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New culverts in Washington state cost $20 million each. The DOT needs to replace 400 of them by 2030

caption: A pair of culverts near Silverdale, Washington.
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A pair of culverts near Silverdale, Washington.

The Washington State Department of Transportation has a lot of very expensive projects it has to manage in order to keep people moving around — consider all of our crumbling roads and bridges. As if that weren't enough, there's the aging ferry fleet, too.

But WSDOT and state legislators recently got some pretty massive sticker shock for a different project — one that’s aimed at improving the way salmon move around.

Salmon culverts that are supposed to allow water and fish to move under roadways haven’t been working very well. The state is legally required to fix that, and lawmakers just learned it’s going to be very, very pricey.

Seattle Times transportation reporter David Kroman and investigative reporter Mike Reicher have reported on what the $4 billion dollar increase to tackle the culverts will mean for the state’s transportation budget.

"This is a problem that they really have to face," Kroman said. And so the question becomes what happens to those other problems not mandated by a federal court — do those slow down or get cut in order to make room for the fish culverts?

Washington state has been working on culverts for several years, according to Reicher. In 2013, a federal injunction required the state to fix a large portion of their culverts by 2030, after 21 tribes and the federal government sued Washington.

By 2021, the Department of Transportation had only replaced 84 of the more than 400 culverts they needed to tackle.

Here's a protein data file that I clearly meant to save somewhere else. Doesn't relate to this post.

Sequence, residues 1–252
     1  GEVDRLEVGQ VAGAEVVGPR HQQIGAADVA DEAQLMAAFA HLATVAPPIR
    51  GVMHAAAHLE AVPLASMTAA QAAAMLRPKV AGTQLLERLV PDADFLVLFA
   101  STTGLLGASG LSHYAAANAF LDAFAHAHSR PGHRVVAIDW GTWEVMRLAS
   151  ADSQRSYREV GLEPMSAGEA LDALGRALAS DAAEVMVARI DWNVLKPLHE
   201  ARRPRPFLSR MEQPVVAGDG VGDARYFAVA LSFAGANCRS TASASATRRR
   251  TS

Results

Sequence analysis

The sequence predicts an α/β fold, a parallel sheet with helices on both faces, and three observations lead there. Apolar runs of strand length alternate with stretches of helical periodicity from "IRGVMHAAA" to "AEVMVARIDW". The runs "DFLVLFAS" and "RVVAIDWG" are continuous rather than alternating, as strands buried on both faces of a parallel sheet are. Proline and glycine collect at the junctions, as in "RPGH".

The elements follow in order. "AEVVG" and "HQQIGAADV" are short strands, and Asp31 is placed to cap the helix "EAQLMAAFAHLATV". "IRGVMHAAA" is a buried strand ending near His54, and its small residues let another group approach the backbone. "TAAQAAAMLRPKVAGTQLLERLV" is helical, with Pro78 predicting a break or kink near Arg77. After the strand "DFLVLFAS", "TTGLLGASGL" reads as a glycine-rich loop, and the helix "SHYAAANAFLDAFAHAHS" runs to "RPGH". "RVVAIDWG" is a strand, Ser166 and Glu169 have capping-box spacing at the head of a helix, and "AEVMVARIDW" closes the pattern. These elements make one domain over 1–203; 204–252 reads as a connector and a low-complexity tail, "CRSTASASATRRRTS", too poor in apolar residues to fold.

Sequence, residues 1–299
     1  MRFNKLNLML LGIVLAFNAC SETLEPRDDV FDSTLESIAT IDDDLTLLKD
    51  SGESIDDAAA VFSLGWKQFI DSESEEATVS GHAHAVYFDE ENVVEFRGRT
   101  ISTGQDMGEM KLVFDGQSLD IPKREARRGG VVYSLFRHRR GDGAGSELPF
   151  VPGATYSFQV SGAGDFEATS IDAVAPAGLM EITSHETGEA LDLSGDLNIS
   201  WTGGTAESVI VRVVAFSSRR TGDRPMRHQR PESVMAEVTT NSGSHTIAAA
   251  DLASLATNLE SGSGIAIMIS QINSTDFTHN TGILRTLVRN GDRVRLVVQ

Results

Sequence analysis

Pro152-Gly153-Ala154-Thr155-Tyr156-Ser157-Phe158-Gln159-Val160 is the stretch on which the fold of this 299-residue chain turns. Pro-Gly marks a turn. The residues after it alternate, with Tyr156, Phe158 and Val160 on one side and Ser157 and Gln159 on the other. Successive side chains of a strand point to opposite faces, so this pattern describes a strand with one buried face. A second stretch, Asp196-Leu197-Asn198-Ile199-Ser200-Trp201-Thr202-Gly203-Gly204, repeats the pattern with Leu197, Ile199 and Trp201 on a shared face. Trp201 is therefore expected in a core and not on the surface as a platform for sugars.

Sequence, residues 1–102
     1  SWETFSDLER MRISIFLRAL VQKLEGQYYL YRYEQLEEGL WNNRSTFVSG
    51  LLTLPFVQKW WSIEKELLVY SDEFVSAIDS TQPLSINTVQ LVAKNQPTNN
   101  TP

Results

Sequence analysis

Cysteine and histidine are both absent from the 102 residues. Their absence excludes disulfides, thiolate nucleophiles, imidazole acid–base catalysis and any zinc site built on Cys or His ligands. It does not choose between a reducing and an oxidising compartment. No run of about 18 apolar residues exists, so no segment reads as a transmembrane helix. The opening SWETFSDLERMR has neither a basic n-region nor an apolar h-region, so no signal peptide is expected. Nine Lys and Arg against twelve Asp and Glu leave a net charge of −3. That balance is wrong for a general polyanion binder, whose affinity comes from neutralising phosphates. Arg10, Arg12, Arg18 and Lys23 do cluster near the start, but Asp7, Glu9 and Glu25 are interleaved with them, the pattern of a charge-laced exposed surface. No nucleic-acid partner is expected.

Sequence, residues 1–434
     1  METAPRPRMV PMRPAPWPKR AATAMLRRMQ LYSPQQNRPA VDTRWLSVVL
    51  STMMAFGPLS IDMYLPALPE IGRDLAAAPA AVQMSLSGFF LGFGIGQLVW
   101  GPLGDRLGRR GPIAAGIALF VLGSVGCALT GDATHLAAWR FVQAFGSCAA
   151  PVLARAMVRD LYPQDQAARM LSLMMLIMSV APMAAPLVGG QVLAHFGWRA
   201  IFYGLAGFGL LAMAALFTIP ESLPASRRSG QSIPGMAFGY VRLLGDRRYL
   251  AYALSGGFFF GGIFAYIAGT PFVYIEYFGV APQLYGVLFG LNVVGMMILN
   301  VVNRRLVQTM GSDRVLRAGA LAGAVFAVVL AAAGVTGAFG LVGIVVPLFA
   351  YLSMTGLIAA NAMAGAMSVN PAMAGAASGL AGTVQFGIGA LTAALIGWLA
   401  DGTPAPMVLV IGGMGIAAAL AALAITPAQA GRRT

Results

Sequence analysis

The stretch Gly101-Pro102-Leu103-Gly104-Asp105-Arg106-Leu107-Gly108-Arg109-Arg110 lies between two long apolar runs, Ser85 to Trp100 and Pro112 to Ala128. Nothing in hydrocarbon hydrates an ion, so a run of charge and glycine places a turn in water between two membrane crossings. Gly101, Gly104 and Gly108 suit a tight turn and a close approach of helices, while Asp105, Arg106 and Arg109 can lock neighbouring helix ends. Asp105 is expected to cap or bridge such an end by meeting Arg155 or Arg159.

And in the last couple of years, they realized how much more expensive the rest of the culverts will be.

"They are going up in costs because the projects are more complex than the first ones that the state did," Reicher said.

The average cost to replace a culvert went from $5 million in 2018 to $20 million per culvert. A litany of tedious and complex steps in the process are some of the reasons behind the hefty cost.

"They're building multiple bridges to go over these streams, they have to relocate on and off ramps, and they have complex engineering that they're seeing now in the upcoming projects because of things like poor soil conditions," Reicher said.

Construction costs and a labor shortage are also driving up costs.

With the clock ticking to fulfill the court-ordered mandate, the state has few options when it comes to addressing the culverts.

The state, or the 21 tribes affiliated with the lawsuit, could ask Judge Ricardo S. Martinez to revisit the injunction, according to Reicher.

"If they don't go back to court, then the two options are really the same options that any government faces when looking at a revenue shortfall — you either get new revenue or more revenue, or you make cuts," Kroman said.

Listen to the full interview with Mike Reicher and David Kroman by clicking the play button at the top of the story.

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